Letter to Editor concerning “Push up, explosive push up and free fall tests to evaluate the upper body power: A preliminary study in aerobic gymnastics”


  • Luca Russo University of L’Aquila, Italy
  • Johnny Padulo University of Milan, Italy
  • Francesco Oliva University of Salerno, Italy
  • Nicola Maffulli University of Salerno & Queen Mary University of London & Mile End Hospital, Italy


Biomechanics, Push up, Strength, Power, Jump height


Dear Editor:

Push up exercises have been widely studied (Dhahbi et al., 2018) and it is very interesting to study in depth this exercise. Recently, the Journal of Human Sport & Exercise published the article titled “Push up, explosive push-up and free fall tests to evaluate the upper body power: A preliminary study in aerobic gymnastics” (Albano et al., 2021). We appreciate the authors’ efforts to show a relationship between the push-up exercise and injury prevention in aerobic gymnastics. This article promotes a simple but worthy of further scientific evaluation approach. The present letter points a few issues which are still necessary to verify. In particular, we suggest some methodological shortcomings which lead to dubious interpretation of the results (Russo et al. 2021; Russo et al., 2019; Padulo et al., 2014; Padulo et al., 2013):

1. Two gymnasts (younger than 18 years of age) involved in this study. From the analysis of the text, it appears that informed consent from the parents and ethical committee approval are missing. Moreover the “Gold level of Italian Gymnastics Federation” make little sense without details of ranking level/training experience (for example, hours per weekly).

2. The authors state that they acquire data at 1000Hz and used a “2nd order Butterworth low pass filter with a cut-off frequency of 580Hz, according to Street et al. (2001)”. This methodological choice to filter ad 580Hz is misleading, because: a) Street et al. (2001) studied jump height (m) related to the lower limbs while in Albano et al. (2021) studied upper limbs (without data); b) the flight time measure is a simple methodological approach suitable for the concurrent device (thus, accelerometer or photoelectric cells) to estimate the jump height (m) while with force platform the double integration of force (DIF Method) should be used (Attia et al. 2017).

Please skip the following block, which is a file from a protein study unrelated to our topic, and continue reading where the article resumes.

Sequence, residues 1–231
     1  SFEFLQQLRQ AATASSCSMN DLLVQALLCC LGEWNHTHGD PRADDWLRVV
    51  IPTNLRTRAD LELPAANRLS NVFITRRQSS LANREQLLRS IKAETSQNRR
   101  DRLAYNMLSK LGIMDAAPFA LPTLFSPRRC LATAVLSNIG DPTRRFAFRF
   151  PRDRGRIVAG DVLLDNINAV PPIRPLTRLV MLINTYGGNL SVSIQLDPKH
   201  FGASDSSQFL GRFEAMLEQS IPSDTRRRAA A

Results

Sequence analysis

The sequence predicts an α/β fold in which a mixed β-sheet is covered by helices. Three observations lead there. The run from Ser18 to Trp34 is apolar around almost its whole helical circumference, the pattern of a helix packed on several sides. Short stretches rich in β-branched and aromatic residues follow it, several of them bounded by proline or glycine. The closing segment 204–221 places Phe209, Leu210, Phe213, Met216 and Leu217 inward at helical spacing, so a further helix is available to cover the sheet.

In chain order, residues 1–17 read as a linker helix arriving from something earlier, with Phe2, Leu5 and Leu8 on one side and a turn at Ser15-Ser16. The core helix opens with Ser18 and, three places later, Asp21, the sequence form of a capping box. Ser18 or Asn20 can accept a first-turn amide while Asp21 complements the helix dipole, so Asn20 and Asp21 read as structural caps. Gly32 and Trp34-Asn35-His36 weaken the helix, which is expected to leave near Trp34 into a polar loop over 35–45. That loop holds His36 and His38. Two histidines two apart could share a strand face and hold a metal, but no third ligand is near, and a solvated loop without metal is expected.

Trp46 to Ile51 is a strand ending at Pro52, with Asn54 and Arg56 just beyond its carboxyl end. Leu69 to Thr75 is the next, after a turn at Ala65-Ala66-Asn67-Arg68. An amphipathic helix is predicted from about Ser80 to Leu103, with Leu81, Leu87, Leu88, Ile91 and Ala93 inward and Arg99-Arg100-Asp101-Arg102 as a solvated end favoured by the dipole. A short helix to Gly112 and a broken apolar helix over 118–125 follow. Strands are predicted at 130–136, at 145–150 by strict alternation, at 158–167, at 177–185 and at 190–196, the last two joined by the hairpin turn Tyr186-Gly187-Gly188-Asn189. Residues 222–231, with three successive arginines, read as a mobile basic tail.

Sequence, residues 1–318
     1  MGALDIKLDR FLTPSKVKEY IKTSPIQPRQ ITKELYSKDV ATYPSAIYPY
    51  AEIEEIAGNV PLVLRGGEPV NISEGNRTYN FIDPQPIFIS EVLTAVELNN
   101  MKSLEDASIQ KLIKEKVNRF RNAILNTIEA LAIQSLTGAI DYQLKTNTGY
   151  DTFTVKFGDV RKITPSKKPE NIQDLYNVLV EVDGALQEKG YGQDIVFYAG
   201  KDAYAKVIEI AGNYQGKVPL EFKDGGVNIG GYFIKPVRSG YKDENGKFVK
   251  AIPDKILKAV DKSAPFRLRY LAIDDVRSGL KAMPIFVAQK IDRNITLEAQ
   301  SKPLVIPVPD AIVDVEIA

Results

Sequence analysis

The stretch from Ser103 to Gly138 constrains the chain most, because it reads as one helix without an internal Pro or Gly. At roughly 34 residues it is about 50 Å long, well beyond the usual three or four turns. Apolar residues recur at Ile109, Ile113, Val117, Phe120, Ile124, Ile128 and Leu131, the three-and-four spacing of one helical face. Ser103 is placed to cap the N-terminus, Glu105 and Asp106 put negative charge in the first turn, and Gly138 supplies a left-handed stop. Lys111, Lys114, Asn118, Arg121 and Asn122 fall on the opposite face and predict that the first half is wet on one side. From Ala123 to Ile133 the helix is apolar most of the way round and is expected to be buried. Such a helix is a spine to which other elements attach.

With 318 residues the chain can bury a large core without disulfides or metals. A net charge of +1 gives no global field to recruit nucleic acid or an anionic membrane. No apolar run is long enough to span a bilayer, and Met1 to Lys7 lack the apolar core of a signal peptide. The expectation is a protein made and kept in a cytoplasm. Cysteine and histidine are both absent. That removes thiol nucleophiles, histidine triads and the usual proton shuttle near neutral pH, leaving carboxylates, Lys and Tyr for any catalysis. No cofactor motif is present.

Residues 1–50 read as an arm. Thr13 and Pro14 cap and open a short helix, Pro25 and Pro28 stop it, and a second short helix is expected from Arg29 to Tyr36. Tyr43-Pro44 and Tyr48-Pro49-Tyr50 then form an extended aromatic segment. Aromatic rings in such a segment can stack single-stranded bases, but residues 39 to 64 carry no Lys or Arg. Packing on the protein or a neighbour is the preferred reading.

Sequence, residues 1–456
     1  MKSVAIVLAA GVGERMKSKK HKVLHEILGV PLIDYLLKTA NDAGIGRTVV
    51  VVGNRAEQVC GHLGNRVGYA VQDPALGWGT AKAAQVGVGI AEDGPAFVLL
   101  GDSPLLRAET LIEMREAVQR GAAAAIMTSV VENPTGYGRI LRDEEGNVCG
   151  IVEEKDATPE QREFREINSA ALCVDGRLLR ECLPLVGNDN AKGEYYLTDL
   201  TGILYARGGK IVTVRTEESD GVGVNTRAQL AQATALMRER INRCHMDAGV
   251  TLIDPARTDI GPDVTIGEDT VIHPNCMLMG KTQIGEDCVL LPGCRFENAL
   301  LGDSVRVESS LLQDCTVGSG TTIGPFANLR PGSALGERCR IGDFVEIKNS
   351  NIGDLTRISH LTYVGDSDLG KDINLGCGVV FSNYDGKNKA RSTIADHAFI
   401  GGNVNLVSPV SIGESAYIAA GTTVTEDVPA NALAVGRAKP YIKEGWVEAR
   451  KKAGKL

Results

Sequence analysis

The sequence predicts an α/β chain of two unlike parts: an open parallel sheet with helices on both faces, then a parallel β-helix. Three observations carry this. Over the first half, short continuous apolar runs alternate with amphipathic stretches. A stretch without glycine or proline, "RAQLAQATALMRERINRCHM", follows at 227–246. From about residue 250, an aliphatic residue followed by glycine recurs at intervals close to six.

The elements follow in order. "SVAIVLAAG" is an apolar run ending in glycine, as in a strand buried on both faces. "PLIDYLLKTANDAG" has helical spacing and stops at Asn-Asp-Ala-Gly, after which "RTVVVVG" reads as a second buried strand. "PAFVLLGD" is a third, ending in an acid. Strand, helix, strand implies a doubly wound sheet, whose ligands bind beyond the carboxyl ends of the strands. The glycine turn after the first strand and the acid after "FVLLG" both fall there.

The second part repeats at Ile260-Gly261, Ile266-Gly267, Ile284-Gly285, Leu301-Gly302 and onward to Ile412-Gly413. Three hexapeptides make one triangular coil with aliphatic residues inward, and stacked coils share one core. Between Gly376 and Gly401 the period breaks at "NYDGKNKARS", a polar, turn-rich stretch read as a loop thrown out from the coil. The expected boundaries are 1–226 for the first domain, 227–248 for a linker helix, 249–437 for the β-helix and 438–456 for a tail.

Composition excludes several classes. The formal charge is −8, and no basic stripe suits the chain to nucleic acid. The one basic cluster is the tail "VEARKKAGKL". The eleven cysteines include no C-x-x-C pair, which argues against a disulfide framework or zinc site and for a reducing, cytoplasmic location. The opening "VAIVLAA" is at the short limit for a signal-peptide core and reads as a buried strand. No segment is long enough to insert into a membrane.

3. A direct consequence of the previous point is the methodological error in the RFD measurement. In 2016, it was suggested that RFD should be measured with a sampling rate higher than 1000Hz (Maffiuletti et al., 2016). Moreover, regarding the filtering process, the same Authors state “If filtering is unavoidable due to high baseline noise amplitude, then we recommend using a zero lag, low-pass digital filter (e.g., fourth-order Butterworth) (Winter 1990) at the highest possible cut-off frequency, to minimise time shifts.” (Maffiuletti et al. 2016). Regarding RFD, we point out that in the paper it was defined as “ratio between Fmax and time from the start of the push to the peak force”, but the proper definition should be “the rate of change of the force value in the defined time interval” (Maffiuletti et al. 2016).

4. Elbow flexion during the push up exercise seems to be approximatively 90°, but it is unclear how the authors checked this parameter (as demonstrated from the figure in Albano et al. 2021).

5. The Symmetry Index is defined by Albano et al. (2021) as “the ratio between Fmax of the left arm and the right arm” citing (Impellizzeri et al. 2007) and in Table 1 this point it was confirmed (L/R). This point is misleading because Impellizzeri et al. (2007) wrote “[(stronger leg - weaker leg)/stronger leg] × 100”. This is different compared to the methodological approach used by Albano et al. (2021).

6. Figures 4-5-6 show the ground reaction force during the three different push up modalities, but it is not clear whether these are real or ideal data, and whether they are average values of both subjects or limbs. Moreover, the first peak in Figure 5 do not match the description of the exercise.

7. There was no mention of how the experimental conditions were controlled (for example, laboratory temperature and humidity, subject positioning, test–retest for measurement repeatability (Intra-class correlation coefficient) (Hopkins, 2000), time of the day when the tests took place) (Ammar et al., 2015).

8. Finally, no results or statistical analyses are available. The reader has to rely on three figures and one table including the data about the explosive push up test for one subject only.